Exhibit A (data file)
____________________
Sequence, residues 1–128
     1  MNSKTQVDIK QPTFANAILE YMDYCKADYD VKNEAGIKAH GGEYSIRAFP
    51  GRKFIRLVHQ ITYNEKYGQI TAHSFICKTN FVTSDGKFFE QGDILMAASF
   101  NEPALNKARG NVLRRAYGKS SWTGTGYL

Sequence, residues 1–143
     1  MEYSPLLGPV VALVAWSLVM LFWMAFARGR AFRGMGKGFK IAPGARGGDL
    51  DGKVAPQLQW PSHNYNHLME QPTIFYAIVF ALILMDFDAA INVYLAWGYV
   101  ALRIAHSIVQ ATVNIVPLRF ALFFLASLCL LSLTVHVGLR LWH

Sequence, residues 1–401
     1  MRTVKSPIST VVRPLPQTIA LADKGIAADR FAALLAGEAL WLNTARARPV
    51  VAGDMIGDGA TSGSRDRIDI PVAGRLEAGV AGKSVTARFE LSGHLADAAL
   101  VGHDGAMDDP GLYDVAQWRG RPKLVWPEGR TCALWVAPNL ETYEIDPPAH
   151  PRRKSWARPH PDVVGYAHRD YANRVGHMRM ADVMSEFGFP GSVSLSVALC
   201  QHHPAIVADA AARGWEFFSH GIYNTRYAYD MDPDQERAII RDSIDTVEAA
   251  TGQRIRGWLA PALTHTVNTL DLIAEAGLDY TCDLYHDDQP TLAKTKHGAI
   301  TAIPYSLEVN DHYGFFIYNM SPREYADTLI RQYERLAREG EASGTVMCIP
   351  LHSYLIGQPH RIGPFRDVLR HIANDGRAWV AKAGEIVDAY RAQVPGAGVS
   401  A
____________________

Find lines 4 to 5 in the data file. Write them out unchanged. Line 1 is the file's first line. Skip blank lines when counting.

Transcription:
   101  NEPALNKARG NVLRRAYGKS SWTGTGYL

Sequence, residues 1–143